Emergence as an important port city
|There is no mention of Kochi in 10th or 11th century records. Ptolemy, Marco Polo and Ibn Batuta, who visited India before the 14th century, have not mentioned the place in their travelogues. This indicates that till the 14th century, Kochi was just a small village without much interaction with the outside world. Historians believe that Kochi owes its rise as a prominent port city to the great flood in River Periyar in 1341.
Until that time, Mahodayapuram, with its port of Muziris (now, Kodungallur) was the centre of trade. The flood and the frequent attacks of the Zamorins, the rulers of Malabar, proclaimed the death knell of this trading centre and port city. The traders slowly began to move towards the natural harbor created in the Kochi region as a result of the floods.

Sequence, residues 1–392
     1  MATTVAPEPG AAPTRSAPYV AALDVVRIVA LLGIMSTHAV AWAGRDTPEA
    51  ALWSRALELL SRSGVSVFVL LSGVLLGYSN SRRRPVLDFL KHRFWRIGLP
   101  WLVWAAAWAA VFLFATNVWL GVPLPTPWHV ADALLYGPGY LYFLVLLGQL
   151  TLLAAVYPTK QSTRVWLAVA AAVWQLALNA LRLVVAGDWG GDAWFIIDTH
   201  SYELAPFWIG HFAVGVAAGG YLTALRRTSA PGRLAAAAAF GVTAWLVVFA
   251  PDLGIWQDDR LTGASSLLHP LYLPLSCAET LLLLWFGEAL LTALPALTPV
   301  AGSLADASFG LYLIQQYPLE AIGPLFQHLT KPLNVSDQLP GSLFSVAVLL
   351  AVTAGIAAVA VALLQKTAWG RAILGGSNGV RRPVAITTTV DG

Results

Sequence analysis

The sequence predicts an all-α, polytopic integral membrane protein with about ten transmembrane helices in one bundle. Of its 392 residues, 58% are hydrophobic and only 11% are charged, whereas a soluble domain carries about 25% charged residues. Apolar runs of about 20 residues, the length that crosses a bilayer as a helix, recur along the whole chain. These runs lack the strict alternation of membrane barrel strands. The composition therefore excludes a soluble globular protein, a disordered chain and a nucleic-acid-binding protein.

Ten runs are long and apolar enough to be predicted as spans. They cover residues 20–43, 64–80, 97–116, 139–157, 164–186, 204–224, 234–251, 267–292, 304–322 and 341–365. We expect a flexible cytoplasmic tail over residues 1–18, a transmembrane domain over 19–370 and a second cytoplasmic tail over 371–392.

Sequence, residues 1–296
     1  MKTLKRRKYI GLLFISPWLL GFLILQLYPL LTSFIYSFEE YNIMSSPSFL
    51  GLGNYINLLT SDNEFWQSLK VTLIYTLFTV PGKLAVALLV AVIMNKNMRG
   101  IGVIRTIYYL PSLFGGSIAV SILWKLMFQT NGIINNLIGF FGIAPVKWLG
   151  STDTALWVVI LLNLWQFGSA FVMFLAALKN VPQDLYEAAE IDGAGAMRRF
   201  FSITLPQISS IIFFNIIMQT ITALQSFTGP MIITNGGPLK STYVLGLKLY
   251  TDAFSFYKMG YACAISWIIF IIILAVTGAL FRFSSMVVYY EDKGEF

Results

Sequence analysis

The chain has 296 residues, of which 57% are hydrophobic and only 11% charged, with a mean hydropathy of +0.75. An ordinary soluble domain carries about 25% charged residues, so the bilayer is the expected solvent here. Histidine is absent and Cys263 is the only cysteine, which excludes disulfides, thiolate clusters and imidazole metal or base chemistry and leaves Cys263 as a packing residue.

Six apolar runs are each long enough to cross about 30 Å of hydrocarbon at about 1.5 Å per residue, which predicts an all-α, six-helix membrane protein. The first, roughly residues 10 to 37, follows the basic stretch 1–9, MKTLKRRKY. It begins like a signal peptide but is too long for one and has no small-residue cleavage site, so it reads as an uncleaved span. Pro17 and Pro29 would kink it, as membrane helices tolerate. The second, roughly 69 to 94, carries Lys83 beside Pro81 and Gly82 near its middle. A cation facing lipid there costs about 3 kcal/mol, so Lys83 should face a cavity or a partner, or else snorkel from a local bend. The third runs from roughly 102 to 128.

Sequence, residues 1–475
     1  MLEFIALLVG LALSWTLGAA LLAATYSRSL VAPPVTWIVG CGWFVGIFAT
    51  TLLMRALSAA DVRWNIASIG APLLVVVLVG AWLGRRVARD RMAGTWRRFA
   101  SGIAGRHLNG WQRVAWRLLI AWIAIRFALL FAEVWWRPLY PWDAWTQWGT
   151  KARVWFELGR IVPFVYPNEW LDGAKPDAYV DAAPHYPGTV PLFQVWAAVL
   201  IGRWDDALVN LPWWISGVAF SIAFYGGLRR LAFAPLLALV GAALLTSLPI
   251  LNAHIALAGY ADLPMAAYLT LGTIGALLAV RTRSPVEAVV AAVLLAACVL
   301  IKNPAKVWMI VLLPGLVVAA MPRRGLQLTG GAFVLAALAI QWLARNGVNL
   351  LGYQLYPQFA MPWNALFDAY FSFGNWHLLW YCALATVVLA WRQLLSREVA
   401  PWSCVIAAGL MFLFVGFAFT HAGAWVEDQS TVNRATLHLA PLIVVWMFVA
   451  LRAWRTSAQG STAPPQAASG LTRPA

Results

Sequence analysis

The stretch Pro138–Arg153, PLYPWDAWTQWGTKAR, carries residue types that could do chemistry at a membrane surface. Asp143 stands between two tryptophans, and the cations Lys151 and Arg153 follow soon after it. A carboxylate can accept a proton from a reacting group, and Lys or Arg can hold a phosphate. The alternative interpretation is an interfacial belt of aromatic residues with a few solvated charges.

By 1440, the city of Kochi grew to about five miles in circumference around Mattancherry. Trading activities with the Chinese and Arabs also, gradually, grew over the years.